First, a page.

40. A heavy responsibility is also borne by those who protect Israel, by those who, despite the appeal contained in General Assembly resolution 3414 (XXX) "to desist from supplying Israel with any military or economic aid", are setting aside billions of dollars for the Israeli arms build-up.

41. In Tel Aviv clearly the chauvinist zeal has still not been dissipated, and they are still relying on the force of arms and on foreign assistance.

42. But that is a big mistake which involves a serious danger not least for Israel itself. This was pointed out by the Chairman of the Council of Ministers of the Byelorussian Soviet Socialist Republic, Mr. T. Y. Kiselev, speaking on 23 June 1967 at the fifth emergency special session of the General Assembly of the United Nations. He said:

"The freedom-loving peoples will not allow the forces of reaction to hinder the national development of the countries of the Middle East. In our age, when the forces of peace and progress have grown immeasurably, aggressive ventures will not go unpunished. This the rulers of Israel ought to know."3/

43. During the past year, the United Nations has devoted considerable attention to the Middle East problem. The Security Council has held eight series of meetings on the various aspects of this question. It should be noted that on 11 November this year the Council unanimously adopted a statement by the President 4/ containing a serious warning to Israel concerning the situation in the occupied Arab territories. Important decisions have been adopted at the present session of the General Assembly; among them I should like to refer to 31/20 of 24 November on the question of Palestine.

44. The United Nations, with its great international authority, can and must make the weight of its verdict felt on the question of establishing a just and lasting peace in the Middle East. For its part, the Byelorussian Soviet Socialist Republic, like the other States of the socialist community, will make its contribution to the attainment of that goal.

45. Mr. MOKRI (Iran): Our consideration of the question of the Middle East marks an additional tragic year in the long-standing crisis which, for almost three decades, has plagued the very life of the people of the area. In the simplest terms, it is indicative of the galling fact that, in spite of the strenuous efforts of the United Nations in seeking a just and lasting peace for this trouble-stricken area, occupation, suppression, frustration and bitterness continue to be the order and mood of the day.

46. The attitude of the Government of Iran towards the problems of the Middle East is primarily inspired by the fact that in the last three decades in all cases where conflicts and armed clashes have flared up in certain areas of the world they have been the result of the use of force against the territorial integrity and political independence of certain States or communities of those areas. As such we believe that any solution of the chronic problem of the Middle East, if it is to be effective, should be influenced by .the following premises.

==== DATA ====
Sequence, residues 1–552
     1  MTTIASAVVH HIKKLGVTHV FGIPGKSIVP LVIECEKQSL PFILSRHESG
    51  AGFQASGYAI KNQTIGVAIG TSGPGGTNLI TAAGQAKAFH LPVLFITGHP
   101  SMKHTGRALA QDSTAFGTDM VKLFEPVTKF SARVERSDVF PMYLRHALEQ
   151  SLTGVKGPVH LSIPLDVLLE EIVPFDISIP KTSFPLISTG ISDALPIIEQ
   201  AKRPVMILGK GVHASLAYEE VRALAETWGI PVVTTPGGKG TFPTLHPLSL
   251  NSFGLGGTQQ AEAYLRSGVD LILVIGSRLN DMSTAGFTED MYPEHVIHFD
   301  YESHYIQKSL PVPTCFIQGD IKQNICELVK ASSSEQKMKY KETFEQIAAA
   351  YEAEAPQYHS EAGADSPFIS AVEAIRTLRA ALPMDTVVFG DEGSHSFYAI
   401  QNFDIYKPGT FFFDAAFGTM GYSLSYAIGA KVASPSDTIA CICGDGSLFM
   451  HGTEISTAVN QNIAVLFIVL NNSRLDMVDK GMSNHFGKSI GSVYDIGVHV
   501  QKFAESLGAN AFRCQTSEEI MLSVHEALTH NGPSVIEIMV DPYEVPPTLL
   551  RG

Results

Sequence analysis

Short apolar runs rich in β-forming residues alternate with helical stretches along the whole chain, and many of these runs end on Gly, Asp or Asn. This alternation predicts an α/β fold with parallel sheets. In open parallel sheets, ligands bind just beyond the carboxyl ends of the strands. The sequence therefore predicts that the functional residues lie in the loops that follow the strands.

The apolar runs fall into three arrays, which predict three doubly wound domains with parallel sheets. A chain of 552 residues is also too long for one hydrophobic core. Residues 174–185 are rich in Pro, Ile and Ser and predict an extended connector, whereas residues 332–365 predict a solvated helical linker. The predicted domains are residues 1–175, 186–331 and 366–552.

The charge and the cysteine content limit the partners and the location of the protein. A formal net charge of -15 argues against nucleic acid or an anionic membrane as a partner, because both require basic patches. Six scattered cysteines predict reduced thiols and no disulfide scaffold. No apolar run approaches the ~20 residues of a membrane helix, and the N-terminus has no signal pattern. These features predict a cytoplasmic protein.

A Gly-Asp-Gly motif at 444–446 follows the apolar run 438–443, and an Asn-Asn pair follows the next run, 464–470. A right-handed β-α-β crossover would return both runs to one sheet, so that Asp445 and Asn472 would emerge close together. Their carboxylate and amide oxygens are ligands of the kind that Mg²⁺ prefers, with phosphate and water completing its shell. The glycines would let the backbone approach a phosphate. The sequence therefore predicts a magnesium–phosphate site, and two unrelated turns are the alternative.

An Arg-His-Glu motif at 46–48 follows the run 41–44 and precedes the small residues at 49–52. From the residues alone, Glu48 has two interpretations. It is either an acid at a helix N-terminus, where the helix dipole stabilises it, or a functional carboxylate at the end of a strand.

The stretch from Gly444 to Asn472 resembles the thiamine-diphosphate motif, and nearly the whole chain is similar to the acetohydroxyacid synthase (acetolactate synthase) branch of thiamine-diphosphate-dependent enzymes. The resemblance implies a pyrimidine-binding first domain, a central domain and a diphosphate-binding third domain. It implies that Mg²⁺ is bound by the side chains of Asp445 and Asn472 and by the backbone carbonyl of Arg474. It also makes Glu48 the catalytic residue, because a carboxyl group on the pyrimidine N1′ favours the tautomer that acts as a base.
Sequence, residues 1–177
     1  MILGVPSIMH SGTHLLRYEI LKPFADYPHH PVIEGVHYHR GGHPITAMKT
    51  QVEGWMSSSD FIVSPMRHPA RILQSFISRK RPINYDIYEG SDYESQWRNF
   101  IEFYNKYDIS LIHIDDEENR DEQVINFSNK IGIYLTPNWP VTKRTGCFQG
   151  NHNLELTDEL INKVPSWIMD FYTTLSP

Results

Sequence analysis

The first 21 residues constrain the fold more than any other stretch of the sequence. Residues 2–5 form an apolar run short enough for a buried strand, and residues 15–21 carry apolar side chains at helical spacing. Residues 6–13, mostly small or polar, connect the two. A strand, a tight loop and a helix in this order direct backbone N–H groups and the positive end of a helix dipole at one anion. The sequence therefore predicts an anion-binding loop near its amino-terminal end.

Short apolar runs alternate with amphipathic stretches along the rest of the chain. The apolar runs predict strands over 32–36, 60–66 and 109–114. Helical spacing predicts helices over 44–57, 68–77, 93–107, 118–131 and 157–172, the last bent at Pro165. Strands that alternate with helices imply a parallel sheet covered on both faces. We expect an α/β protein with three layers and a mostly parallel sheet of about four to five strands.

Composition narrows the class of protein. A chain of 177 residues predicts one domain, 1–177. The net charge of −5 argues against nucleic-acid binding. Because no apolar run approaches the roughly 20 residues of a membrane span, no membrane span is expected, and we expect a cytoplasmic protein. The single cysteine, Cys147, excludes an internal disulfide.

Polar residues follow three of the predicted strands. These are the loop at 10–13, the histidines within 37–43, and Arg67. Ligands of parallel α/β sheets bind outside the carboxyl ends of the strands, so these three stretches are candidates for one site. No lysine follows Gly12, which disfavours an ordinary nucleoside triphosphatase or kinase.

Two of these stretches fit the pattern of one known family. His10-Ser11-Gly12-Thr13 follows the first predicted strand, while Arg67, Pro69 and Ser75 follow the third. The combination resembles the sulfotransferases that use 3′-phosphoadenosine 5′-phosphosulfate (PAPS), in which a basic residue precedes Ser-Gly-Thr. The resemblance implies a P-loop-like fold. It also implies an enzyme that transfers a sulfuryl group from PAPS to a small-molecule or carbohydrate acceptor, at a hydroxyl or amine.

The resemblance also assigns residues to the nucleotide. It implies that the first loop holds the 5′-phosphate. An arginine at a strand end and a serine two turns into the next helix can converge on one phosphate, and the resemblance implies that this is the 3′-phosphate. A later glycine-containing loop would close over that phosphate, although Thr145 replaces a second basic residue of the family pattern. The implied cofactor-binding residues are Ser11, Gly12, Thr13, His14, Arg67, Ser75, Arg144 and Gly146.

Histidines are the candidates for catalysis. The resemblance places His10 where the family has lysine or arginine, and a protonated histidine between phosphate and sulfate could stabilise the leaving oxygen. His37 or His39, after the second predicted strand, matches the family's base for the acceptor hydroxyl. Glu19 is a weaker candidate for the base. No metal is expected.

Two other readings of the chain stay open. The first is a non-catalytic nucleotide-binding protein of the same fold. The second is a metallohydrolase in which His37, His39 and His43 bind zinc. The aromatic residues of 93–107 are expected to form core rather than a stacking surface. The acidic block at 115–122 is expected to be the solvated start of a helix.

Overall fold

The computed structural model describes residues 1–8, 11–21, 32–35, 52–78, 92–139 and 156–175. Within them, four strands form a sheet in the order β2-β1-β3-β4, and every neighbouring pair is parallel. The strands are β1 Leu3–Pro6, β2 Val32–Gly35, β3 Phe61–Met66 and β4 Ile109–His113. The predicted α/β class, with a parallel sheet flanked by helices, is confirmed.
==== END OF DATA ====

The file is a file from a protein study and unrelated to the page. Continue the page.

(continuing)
47. Firstly, the right of one community to political survival does not mean the liquidation of another. In other words, the realization of the objective of self-determination and statehood by one group of people in no way means the denial of the application of the same principles to the other peoples of the same area, particularly when by the very fact of history they happen to be the indigenous peoples of that area.

48. Secondly, the occupation of the territory of other peoples by the use of force is contrary to the spirit as well as the letter of the Charter of the United Nations, and the acquisition of territories by force cannot and should not be recognized as legitimate. Accordingly, there can be no justification or excuse for the forcible retention of territories occupied through the use of force, or for the pursuit of a policy of suppressing the indigenous population.

49. Thirdly, a just and lasting peace cannot be realized through the establishment of a territorial cordon sanitaire in favour of a particular State of a region. Historical experience has proved that peace cannot be built while the seeds of dissension still remain, that it cannot be achieved by gnawing away at lands that belong to others; that claims of security, no matter how understandable, cannot hinge on the insecurity of others.

50. In fact, a just and lasting peace can be achieved only through the equitable implementation of the principle of self-determination and statehood for the relevant peoples of the area, coupled with mutual understanding and agreement among the parties concerned to respect the sanctity of their territorial integrity and political independence. The first step towards the realization of those objectives is the effective utilization of the political and diplomatic means and opportunities offered by the United Nations itself.